Author and educator Diana Huss Green gathered a group of parents who were concerned that their high standards for their children's education were not being fulfilled. In 1978, they formed the Parents' Choice Foundation, a non-commercial clearinghouse to review children's books, toys, music, television, software, video games, websites, and magazines. They wanted to give parents “reliable unbiased information about tools to help their children learn, to explore new challenges, to discuss ideas and to pursue dreams.”1
With a mission to provide parents with information that they could use to participate in their children's learning outside the classroom, Parents' Choice recommended products that help kids grow “imaginatively, physically, morally and mentally.”2 The products were also required to be fun, safe, fairly priced, and socially sound.
A multi-tiered evaluation process for the Parents’ Choice Award program resulted in suitable products being placed in one of six award categories: Classic, Gold, Silver, Recommended, Approved, and Fun Stuff.3 Their panels of educators, scientists, performing artists, librarians, parents, and kids identified the best products for different aged children who have different backgrounds, skills, and interest levels. All products needed to be bias free and not celebrate violence. They also looked for products that would help parents and children connect and that would teach without being preachy.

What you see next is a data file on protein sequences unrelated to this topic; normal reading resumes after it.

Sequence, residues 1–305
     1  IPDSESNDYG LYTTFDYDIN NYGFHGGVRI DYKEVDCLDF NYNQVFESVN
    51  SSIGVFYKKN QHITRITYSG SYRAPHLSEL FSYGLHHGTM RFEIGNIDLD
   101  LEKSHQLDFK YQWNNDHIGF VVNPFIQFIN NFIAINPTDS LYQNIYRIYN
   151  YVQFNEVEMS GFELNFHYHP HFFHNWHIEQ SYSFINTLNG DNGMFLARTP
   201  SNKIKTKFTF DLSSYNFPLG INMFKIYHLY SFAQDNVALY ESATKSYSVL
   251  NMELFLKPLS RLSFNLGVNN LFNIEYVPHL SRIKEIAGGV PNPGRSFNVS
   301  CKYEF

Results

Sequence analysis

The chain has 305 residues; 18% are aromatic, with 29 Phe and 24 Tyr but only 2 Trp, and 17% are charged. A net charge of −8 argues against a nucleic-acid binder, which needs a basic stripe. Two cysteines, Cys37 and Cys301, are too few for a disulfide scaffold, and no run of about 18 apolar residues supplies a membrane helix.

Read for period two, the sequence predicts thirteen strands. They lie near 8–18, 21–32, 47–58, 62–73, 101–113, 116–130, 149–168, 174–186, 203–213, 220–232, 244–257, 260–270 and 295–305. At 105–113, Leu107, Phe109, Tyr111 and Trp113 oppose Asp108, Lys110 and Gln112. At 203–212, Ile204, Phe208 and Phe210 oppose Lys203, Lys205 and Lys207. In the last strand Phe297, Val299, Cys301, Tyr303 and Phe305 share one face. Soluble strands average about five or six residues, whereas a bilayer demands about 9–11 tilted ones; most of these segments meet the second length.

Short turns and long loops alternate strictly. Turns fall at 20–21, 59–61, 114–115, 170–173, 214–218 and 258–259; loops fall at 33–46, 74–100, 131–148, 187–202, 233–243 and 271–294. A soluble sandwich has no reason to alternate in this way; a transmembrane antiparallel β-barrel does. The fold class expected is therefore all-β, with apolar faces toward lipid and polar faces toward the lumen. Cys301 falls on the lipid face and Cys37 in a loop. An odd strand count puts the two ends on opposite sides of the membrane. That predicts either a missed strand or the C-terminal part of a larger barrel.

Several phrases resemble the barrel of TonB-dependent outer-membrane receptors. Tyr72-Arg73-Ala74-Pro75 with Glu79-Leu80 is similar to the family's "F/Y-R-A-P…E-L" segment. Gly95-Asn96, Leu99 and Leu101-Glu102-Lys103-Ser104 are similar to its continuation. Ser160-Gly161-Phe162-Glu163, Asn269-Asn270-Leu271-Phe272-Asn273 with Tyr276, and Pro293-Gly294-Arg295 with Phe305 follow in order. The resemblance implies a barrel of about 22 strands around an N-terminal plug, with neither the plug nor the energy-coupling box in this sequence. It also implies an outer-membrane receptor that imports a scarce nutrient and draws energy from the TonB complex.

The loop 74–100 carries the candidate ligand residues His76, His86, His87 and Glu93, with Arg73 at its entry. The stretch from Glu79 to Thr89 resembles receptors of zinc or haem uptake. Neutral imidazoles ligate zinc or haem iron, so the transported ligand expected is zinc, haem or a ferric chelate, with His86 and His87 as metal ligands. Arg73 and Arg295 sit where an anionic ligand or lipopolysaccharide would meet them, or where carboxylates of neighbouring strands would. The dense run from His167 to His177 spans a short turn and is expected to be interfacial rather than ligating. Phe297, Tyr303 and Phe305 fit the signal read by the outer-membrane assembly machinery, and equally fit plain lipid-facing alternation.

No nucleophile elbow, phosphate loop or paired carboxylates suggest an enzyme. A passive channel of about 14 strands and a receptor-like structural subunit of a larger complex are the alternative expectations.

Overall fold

Some of Parents' Choice “Best 25 Toys of 25 Years” included Little Tikes Big Dump Truck, Big Loader, and Cozy Coupe; Milton Bradley's Pictionary Junior; Hasbro's Rubik's Cube; Manhattan Toy's Skwish Classic and Groovy Girls – J Series 13”; and the Original Rollercoaster by Anatex Enterprises, Inc.4
Besides guiding parents, Parents' Choice lists assisted educators in planning their lessons plans, store owners with their buying decisions, and the press and their coverage of toys and trends. Their online newsletter, Parents' Choice, was another source of information as well as their parent guides, reading lists, learning activity ideas, and travel ideas. Their motto was to assist families to “Read More, Play More and Learn More.”5
Believing that play is essential, Parents' Choice recognized that “Play helps us become creative and critical thinkers, and guides us to be more productive and socially adept. Play keeps us imaginative and curious. What can we do to encourage play? We can give our children the time, the space and the tools; the rest is up to them.”6
They agreed with Christopher Bensch of The Strong National Museum of Play who clarifies, “A classic toy is one that has open-ended play value, with on-going appeal that makes it endure. A classic toy is expandable and offers on-going possibilities for creative play.”7 For this reason Parents' Choice warned that their lists were not necessarily of the “hot toys,” but rather toys with staying power and play value for children and their families.8
Parents' Choice Foundation officially closed their website as of July 31, 2022.
- 1. “Parents' Choice Foundation.” Parents' Choice. < http://www.parents-choice.org/aboutpcf.cfm> 5 Aug. 2011.
- 2. Ibid.
- 3. “Parents' Choice Awards.” Parents' Choice. < http://www.parents-choice.org/aboutawards.cfm > 5 Aug. 2011.
- 4. “Best 25 Toys of 25 Years.” Parents' Choice. < http://www.parents-choice.org/article.cfm?art_id=347&the_page=editorials > 5 Aug. 2011.
- 5. “Reading, Learning & Play.” Parents' Choice. < http://www.parents-choice.org/rlp.cfm > 17 Aug. 2011.
- 6. Green, Claire S. “Back to the Future.” Parents' Choice. < http://www.parents-choice.org/article.cfm?art_id=381&the_page=editorials > 5 Aug. 2011.
- 7. Ibid.
- 8. Op.cit., “Parents' Choice Foundation.”